Progress thoughts: Dr. Anna Christmann MdB

Progress thoughts: Dr. Anna Christmann MdB

About the format:

"Fortschrittsgedanken" appeared weekly on the blog 2020 and presents the opinions of various experts from research and practice on questions that always remain the same. The primary topic is algorithms in personnel selection.


About the Author:
Dr. Anna Christmann has been a member of the German Bundestag since 2017, where she is the spokesperson for innovation and technology policy and for civic engagement for the Bündnis 90/Die Grünen parliamentary group. She received her PhD in political science from the University of Bern in 2011 and then worked at the Center for Democracy at the University of Zurich. From 2013, she worked at the Ministry of Science in Stuttgart as the minister's office manager and as a policy officer in science policy.

What opportunities do algorithms offer in personnel selection and where are the risks?
If there are a large number of applicants, it can make sense to use automated pre-selection. In this way, applications that do not meet the required criteria, such as a certain level of professional experience, can be sorted out. This takes some of the work out of the hands of the recruiters and allows them to focus on those applications that meet all the requirements. However, the algorithms used in this area must be verifiable and it must be ensured that they do not systemically discriminate against a certain group of people.
So-called people analytics applications can be risky, as they use automation and machine learning to evaluate and then categorize the characteristics of applicants. For example, answers given in job interviews, but also the voice pitch of the applicants, are evaluated and conclusions drawn about their personality. In such a case, the applicant has no influence on how she is evaluated. Often the algorithms used in personnel selection systems are also subject to commercial secrecy and it is very difficult to examine them for possible discrimination.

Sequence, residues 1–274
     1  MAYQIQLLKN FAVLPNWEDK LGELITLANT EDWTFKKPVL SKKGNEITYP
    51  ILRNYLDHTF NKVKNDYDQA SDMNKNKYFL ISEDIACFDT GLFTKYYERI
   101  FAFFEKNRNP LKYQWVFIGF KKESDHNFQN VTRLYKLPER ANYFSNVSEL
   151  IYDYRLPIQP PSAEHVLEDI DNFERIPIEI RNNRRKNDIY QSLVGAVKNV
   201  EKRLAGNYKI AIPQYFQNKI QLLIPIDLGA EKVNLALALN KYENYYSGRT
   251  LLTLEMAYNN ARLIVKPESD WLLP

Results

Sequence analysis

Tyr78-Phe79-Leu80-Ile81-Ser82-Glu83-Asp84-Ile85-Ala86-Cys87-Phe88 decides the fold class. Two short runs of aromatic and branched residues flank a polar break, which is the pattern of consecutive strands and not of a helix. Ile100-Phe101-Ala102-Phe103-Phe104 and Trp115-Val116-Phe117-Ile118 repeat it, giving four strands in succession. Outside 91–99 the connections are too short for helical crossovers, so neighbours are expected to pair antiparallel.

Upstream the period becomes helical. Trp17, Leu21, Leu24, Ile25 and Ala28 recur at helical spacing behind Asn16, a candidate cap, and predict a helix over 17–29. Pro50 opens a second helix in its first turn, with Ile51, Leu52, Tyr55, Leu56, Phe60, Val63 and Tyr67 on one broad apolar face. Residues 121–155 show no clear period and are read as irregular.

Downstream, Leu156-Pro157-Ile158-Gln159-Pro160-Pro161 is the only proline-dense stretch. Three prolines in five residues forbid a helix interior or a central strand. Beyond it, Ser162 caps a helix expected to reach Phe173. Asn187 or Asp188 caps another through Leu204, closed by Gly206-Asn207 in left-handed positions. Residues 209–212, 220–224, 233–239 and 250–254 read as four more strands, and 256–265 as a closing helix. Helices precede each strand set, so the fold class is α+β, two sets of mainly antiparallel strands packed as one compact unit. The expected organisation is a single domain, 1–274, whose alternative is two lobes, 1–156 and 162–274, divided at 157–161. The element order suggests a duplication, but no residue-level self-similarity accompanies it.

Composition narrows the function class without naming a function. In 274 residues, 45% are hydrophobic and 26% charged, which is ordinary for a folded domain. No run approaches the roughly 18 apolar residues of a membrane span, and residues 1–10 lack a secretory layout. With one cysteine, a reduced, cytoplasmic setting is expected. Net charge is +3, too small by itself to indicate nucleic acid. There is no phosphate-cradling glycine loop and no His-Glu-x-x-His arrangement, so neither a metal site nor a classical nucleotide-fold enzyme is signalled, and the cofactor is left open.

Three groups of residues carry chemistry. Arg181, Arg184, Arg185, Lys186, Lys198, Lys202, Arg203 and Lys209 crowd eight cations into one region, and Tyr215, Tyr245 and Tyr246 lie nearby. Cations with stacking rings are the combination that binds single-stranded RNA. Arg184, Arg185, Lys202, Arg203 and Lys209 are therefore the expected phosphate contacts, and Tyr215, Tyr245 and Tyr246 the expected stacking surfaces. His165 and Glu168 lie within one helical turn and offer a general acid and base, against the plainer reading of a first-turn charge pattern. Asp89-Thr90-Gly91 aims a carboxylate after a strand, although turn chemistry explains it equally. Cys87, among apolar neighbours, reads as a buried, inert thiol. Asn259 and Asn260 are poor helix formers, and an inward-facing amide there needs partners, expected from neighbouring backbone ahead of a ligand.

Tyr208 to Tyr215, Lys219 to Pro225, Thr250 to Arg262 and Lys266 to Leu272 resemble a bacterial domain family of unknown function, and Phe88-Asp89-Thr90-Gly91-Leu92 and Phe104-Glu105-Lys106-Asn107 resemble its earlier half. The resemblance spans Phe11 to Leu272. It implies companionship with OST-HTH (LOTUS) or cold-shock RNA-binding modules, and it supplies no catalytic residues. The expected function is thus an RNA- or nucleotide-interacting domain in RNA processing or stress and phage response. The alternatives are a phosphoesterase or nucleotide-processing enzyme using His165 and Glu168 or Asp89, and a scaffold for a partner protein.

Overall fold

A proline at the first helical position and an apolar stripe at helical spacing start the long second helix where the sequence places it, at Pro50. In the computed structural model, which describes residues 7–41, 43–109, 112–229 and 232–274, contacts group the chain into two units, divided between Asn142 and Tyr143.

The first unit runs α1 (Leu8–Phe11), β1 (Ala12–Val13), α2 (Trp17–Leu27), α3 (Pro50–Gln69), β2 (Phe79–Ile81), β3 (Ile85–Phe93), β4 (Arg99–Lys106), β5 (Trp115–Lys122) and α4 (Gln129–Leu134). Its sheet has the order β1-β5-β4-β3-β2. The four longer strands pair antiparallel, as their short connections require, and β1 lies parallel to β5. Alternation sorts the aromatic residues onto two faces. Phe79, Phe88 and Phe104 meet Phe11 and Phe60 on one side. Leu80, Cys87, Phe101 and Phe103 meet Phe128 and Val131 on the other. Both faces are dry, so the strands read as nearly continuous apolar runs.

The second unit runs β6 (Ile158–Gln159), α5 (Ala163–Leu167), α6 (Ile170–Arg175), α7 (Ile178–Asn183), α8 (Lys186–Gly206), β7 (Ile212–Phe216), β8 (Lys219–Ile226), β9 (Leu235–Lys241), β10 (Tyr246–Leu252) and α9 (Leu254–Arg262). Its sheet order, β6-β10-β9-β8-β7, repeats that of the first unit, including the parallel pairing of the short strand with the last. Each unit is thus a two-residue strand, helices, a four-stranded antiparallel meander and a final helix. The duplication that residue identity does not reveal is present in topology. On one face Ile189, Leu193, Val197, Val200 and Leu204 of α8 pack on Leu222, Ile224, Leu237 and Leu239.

What is the impact of discrimination in personnel selection?
Regardless of algorithmic systems, discrimination exists in personnel selection. Be it that people with a foreign-sounding name are not invited for an interview or that women get less salary. But these structures can be reinforced by algorithms. For example, if a system recognizes that women tend to take more parental leave, it may be more likely to recommend hiring a man. A human can also have this bias, but if it is stored in an automated system, the bias comes into play in every job application, rather than just those assessed by a specific person.

Can algorithms help reduce discrimination in personnel selection?
It is only possible to look into the conversation between the recruiter and the applicant at certain points. However, an algorithm can be examined for structural discrimination and modified. Data-driven personnel selection opens up new possibilities for checking discrimination in analog personnel interviews as well. Because what many may be able to report as empirical values then clearly shows up in the numbers. This gain in information should be used to minimize discrimination in personnel selection.

In concrete terms, what does the ideal personnel selection process look like?
In an ideal personnel selection process, the workforce has a say in which tools are used to select future employees. HR professionals are supported by a vetted system that uses machine learning, for example, to pre-screen applications and is neutral to the gender or background of applicants. The decisive selection interviews and decisions will still be made by humans.